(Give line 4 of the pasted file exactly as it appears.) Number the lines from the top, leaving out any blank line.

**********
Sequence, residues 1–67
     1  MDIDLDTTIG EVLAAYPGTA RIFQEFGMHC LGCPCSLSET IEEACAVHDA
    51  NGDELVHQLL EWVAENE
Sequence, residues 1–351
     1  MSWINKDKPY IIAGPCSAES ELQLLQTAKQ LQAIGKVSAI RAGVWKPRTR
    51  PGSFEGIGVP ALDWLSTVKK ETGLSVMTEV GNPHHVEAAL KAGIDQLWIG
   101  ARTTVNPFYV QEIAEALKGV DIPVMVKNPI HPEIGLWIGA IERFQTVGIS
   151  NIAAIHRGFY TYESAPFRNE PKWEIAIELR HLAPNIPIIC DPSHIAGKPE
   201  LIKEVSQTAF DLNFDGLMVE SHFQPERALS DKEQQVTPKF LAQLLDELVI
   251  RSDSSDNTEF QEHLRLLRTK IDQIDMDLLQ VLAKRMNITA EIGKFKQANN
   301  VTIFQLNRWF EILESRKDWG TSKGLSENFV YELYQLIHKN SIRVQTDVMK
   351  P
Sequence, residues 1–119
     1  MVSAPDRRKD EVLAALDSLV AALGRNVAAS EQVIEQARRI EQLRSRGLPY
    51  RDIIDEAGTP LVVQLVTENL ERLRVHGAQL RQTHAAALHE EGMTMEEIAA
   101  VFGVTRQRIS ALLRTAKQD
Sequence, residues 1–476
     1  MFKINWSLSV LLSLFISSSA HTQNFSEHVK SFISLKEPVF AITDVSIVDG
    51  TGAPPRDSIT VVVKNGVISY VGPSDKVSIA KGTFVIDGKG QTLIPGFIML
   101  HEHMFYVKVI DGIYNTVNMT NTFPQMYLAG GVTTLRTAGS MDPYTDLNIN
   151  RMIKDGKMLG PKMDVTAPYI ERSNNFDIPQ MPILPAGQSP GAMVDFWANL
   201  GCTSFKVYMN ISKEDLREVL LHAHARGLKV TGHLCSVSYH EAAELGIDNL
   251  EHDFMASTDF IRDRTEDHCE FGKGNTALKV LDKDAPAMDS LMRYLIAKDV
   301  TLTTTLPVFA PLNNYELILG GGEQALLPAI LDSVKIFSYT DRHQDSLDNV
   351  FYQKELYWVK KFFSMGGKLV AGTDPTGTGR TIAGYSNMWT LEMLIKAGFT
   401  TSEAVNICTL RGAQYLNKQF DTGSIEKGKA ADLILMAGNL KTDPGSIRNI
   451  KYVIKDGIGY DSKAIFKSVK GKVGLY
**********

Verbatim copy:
Sequence, residues 1–351